THE manager of a Cape Schanck property preparing to cull upwards of 250 trapped kangaroos blames “passionate, but misguided and ill-informed animal activists” for their fate.
“If they had left our fencing alone, these kangaroos would be happily living their lives in the park,” said the manager, who did not wish to be named after receiving what he claimed were “death threats” on social media.
“I could be happy spending my time farming instead of dealing with the problem that they alone have created through their misguided efforts resulting in the need to cull this regal animal to only be buried in a pit.
“It breaks my heart to see them suffer like that. I think culling is much more humane.”
The manager said the activists’ actions were “having the most impact on the kangaroo population on the peninsula – as I’m not alone in being the only farmer targeted”.
Wildlife groups were last week frantically seeking to save a large mob of kangaroos from being slaughtered on the Patterson Road property (“Call to reprieve ‘doomed’ kangaroos” The News 27/9/21).
Mornington Peninsula Wildlife Action Group said up to 200 kangaroos were trapped inside the 70-hectare property and could not get back to neighbouring Greens Bush wildlife reserve “even if they wanted to”.
The group said neighbouring landholders had told them a kangaroo cull took place on the property last year and believed “another cull is imminent”.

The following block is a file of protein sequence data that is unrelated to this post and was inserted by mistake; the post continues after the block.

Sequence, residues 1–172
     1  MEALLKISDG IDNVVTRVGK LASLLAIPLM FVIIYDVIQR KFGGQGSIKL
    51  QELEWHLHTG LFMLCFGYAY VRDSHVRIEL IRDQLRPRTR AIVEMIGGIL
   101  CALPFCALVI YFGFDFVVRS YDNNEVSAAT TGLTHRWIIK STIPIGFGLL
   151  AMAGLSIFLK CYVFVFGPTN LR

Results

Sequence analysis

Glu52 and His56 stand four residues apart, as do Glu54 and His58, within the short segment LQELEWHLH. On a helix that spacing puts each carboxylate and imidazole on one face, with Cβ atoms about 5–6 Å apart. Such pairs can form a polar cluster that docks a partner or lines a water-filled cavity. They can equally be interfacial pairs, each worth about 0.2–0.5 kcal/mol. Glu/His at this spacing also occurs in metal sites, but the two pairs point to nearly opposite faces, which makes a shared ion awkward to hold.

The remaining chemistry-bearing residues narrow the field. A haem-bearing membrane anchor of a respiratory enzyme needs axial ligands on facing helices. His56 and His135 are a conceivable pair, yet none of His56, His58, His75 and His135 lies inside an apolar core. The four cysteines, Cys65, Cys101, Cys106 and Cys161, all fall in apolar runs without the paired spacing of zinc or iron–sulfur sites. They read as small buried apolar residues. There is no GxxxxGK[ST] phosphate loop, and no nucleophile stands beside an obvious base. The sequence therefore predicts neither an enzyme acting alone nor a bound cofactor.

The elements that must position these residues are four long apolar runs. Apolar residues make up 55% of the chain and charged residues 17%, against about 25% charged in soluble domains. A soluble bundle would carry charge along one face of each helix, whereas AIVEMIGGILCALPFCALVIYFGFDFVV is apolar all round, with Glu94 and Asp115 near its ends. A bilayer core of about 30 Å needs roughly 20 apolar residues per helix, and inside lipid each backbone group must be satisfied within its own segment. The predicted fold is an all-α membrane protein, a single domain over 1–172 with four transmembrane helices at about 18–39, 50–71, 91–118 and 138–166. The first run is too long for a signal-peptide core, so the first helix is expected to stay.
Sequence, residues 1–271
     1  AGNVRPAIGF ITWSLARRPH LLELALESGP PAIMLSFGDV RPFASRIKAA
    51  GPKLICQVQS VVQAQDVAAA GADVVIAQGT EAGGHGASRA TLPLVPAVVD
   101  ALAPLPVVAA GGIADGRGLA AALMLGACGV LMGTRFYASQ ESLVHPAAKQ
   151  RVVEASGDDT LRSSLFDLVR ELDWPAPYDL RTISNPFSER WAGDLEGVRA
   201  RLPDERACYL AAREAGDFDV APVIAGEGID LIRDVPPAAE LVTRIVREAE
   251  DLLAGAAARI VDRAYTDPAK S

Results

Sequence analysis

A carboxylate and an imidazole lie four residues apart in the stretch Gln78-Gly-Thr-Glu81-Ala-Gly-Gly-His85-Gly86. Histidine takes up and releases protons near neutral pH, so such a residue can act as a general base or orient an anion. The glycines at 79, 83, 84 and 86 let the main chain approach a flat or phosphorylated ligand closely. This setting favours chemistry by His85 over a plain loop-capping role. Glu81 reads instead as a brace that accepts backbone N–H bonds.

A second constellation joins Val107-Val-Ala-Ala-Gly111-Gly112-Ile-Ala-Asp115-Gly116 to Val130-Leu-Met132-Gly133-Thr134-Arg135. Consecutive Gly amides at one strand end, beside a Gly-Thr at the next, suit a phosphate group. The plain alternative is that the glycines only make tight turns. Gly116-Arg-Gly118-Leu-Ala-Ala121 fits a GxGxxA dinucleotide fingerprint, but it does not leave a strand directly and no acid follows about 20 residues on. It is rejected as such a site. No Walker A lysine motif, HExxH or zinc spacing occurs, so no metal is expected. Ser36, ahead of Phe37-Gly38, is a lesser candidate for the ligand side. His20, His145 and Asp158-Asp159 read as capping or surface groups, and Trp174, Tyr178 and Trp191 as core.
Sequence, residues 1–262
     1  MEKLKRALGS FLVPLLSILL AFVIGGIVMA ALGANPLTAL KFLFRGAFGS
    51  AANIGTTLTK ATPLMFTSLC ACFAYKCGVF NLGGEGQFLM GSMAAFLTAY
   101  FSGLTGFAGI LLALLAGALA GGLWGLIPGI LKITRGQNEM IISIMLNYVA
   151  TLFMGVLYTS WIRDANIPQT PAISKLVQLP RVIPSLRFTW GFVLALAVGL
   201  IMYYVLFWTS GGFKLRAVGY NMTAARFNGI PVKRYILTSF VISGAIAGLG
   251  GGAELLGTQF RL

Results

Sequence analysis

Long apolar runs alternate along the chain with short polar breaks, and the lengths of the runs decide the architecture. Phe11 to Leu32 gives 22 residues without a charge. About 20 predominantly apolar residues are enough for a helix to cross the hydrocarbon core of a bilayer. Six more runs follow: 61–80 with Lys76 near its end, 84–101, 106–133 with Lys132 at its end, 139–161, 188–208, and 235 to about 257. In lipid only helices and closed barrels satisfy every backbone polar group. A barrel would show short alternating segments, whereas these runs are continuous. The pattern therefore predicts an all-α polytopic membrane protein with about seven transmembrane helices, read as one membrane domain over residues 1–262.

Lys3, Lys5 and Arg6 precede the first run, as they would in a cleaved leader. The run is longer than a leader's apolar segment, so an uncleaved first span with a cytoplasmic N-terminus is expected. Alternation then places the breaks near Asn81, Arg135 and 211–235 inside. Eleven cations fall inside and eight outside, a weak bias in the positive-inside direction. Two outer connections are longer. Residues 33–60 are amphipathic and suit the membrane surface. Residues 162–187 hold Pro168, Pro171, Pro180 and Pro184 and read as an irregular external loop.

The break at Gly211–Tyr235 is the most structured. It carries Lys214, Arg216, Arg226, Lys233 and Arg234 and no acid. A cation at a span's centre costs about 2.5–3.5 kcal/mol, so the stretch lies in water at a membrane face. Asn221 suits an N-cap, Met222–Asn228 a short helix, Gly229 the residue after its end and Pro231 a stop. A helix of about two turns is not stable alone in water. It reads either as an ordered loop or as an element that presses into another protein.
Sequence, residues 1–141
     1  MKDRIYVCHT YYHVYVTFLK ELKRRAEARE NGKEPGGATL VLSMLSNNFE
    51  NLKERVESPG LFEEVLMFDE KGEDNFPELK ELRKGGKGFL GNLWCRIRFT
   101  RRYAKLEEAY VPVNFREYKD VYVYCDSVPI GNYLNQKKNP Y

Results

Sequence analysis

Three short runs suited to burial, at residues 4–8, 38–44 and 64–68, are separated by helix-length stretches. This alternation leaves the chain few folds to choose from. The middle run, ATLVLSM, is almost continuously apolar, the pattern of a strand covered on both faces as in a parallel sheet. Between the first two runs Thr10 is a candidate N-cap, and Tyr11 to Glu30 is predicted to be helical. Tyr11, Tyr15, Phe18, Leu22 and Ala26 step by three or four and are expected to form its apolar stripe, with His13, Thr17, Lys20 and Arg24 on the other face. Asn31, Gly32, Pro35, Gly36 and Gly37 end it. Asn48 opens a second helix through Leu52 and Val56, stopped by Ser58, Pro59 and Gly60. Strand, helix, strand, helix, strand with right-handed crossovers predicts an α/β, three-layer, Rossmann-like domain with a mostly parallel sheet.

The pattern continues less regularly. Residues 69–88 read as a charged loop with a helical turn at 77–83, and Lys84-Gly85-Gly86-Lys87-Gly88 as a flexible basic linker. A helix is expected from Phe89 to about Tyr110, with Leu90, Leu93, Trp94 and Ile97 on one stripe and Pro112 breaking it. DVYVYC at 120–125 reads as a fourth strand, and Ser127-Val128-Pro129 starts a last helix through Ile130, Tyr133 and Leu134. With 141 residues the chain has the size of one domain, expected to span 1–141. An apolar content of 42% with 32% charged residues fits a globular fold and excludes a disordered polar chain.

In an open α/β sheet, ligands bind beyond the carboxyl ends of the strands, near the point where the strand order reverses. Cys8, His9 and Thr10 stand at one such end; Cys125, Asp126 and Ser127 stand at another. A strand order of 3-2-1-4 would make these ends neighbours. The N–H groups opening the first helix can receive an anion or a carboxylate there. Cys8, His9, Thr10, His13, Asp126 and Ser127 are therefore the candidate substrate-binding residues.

But the manager – who describes himself as a “greenie” – said an electric kangaroo exclusion fence was erected in line with NSW parks guidelines for “animal safety”.
“The original herd of resident kangaroos numbered around 40 and were retained within the 176 acres and accommodated nicely with our cattle farming practices.”
“Our fences were constantly vandalised [by activists] to allow more kangaroos into the property – which of course let our stock out into the national park.
“It became untenable to keep stock. The vandalism was so extensive that the fence was replaced in 2016.
“Permits were granted to push about 600 kangaroos on the property back into the park, and then seal the fencing. This was done on a Friday [but] by the Monday, when we arrived at the farm, the property was again full of kangaroos, and the new fence had been cut over the weekend resulting in a $17,000 damage bill.”
The manager said DELWP, Parks Victoria and the police inspected the damage. “It was the consensus of all that, to repair the fencing again, would not fix the problem as the constant vandalism would continue as it had in the past,” he said. “We had to manage the problem.”
He said a kangaroo management plan commissioned through Macropus Consulting was provided to DELWP. “Permits were issued with the condition of leaving open the damaged fencing with the view of discouraging the kangaroos from the property by culling,” he said.
“Each permit was supervised by site visits from DEWLP and, on occasion, Parks Victoria. Also, an updated kangaroo management plan was commissioned in 2018 and, again, provided to DELWP.”
The manager said as kangaroo numbers had increased and not decreased, it was decided to repair the damaged fencing to limit the numbers. “Permits were issued and supervised,” he said.
“Every time our fencing was cut, the number of kangaroos entering the property far exceeded the permits issued to cull. So, the problem increases every time the animal activists cut our fencing – with the most recent vandalism occurring earlier in September.”
The manager said sick kangaroos from the national park had infected the mob on his property.
“This has caused many to die a slow and painful death, with their carcasses littered all over the farm,” he said, adding that DELWP had documented the poisoning.